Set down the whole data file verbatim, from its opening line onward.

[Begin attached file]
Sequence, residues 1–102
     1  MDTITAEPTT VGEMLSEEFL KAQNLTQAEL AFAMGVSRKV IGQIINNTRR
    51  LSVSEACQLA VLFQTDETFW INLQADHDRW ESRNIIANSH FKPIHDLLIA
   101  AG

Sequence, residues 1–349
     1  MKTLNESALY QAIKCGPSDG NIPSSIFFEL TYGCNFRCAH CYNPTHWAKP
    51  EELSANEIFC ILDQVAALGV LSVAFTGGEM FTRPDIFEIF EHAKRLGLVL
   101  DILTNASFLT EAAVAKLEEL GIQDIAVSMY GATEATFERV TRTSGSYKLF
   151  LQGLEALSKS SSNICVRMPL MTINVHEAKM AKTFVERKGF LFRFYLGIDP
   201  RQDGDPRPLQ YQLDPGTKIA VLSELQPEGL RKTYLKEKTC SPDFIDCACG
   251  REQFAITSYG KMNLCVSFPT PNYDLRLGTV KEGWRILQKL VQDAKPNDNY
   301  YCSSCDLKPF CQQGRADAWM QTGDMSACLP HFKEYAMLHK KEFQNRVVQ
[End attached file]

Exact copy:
Sequence, residues 1–102
     1  MDTITAEPTT VGEMLSEEFL KAQNLTQAEL AFAMGVSRKV IGQIINNTRR
    51  LSVSEACQLA VLFQTDETFW INLQADHDRW ESRNIIANSH FKPIHDLLIA
   101  AG

Sequence, residues 1–349
     1  MKTLNESALY QAIKCGPSDG NIPSSIFFEL TYGCNFRCAH CYNPTHWAKP
    51  EELSANEIFC ILDQVAALGV LSVAFTGGEM FTRPDIFEIF EHAKRLGLVL
   101  DILTNASFLT EAAVAKLEEL GIQDIAVSMY GATEATFERV TRTSGSYKLF
   151  LQGLEALSKS SSNICVRMPL MTINVHEAKM AKTFVERKGF LFRFYLGIDP
   201  RQDGDPRPLQ YQLDPGTKIA VLSELQPEGL RKTYLKEKTC SPDFIDCACG
   251  REQFAITSYG KMNLCVSFPT PNYDLRLGTV KEGWRILQKL VQDAKPNDNY
   301  YCSSCDLKPF CQQGRADAWM QTGDMSACLP HFKEYAMLHK KEFQNRVVQ